• Integrated 3 megapixel camera with auto-focus, 2 x optical zoom and photo indicator for high-quality photo capture
• Video capabilities including MP4 video capture and playback for capturing action-packed adventures
• Electrifying music capabilities, supporting 64 MIDI, AAC, AAC+, MP3 files
• 3D gaming capable
• Downloadable musical ringtones, animations and more*
• External memory for added storage space
• EvDO technology for rapid downloading, sending and viewing multimedia files*
The Motorola MS550 is expected to be available in the second half of 2005. For more information regarding pricing and product availability in your region, please contact your local Motorola representative.
oh wow... moto's 1st 3megapixel phone?.... the 1st one after soo many years..... ?? tink its gonna be a flop.........hahahahaaaaaaaaaaa.... all e way moto....... too bad u gonna close down soon
love this phone, gotta pick one up when it comes out. does anybody know when it will be out and how much? i heard Q1 2008 and 400 euros. can anyone confirm?
what the use of founding LIMO foundation, if new motorola phones will be powered by Symbian OS. Have they given up on LINUX powered phones!
Hey Moto we love uuuuuu
I am from Iran
We hate china and japan design
..Fashion , style and quality .... JUST Moto
Motorola same as CadillacsS
show your power to other brands
We support yo from
and allover the world cuz we love moto
Please don't merge with other brads like Ericsson's we shame that
Its time for Kodak mega pixels camera phones
let do it...........
Sunday, January 20, 2008
What's on Motorola's agenda?
On Jan. 1, Ed Zander officially stepped down as Motorola's (MOT) chief executive, with former Chief Operating Officer Greg Brown taking the reins. According to Gartner (IT), in the third quarter of 2007, Motorola's market share in the handset sector dropped 7.6 percentage points compared with the same period in 2006, relegating the vendor to the No. 3 position, behind Nokia (NOK) and Samsung. The tech giant is clearly wobbling and the changing of the guard raises the question: What role will design play in the company's new era? Will Brown call on Motorola's designers and engineers to try to match the success of the Razr, the iconic product launched during the Zander reign?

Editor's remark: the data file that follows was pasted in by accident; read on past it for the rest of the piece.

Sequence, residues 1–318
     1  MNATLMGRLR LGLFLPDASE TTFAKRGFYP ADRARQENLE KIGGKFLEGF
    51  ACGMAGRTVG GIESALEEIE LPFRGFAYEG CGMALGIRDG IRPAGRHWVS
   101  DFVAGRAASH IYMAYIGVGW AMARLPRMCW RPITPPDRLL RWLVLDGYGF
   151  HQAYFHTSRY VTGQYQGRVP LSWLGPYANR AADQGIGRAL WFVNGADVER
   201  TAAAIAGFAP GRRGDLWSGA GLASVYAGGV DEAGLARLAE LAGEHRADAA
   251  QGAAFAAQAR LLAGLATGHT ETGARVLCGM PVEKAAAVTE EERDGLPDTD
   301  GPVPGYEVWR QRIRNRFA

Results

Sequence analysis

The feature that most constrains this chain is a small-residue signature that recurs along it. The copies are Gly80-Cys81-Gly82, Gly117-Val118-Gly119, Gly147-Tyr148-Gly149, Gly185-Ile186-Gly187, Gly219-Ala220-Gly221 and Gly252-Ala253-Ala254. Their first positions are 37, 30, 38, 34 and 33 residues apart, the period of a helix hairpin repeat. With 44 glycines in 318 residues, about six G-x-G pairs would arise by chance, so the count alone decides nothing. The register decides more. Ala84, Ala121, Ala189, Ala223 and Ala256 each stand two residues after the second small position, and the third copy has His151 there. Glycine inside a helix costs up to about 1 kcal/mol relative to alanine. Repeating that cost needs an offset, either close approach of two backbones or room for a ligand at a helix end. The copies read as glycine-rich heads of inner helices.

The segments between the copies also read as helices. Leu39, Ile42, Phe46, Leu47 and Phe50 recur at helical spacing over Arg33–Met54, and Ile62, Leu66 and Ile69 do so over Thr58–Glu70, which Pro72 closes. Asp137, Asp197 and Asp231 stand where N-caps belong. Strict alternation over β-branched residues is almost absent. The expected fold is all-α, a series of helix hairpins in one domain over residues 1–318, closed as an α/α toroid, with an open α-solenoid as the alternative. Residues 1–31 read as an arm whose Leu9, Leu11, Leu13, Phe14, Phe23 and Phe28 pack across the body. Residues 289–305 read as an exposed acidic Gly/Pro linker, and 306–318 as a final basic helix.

Clues as to where Motorola may be headed in the next three to five years can be found in an internal document, the Motorola Technology Outlook (MTO), which is initially available only to senior managers in the corporate technology office and business units (it will be posted later on the company's corporate intranet for all 66,000 employees to examine). Compiled annually since 2004, the MTO features trend analysis from the company's Research Visionary Board, an external group of 47 design and technology experts based around the world, and a spectrum of staff members, who identify key trends and concepts in mobile devices, the Internet, and other areas. BusinessWeek received exclusive access to a detailed summary of this year's 20-page document, which has never before been released externally.